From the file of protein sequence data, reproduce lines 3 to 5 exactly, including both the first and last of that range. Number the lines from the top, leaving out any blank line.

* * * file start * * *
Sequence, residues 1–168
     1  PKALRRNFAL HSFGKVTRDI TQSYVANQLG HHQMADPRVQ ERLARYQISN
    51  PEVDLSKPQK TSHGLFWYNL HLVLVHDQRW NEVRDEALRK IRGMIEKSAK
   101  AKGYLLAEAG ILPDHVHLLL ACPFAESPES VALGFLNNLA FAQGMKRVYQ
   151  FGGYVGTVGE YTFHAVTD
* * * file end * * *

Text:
    51  PEVDLSKPQK TSHGLFWYNL HLVLVHDQRW NEVRDEALRK IRGMIEKSAK
   101  AKGYLLAEAG ILPDHVHLLL ACPFAESPES VALGFLNNLA FAQGMKRVYQ
   151  FGGYVGTVGE YTFHAVTD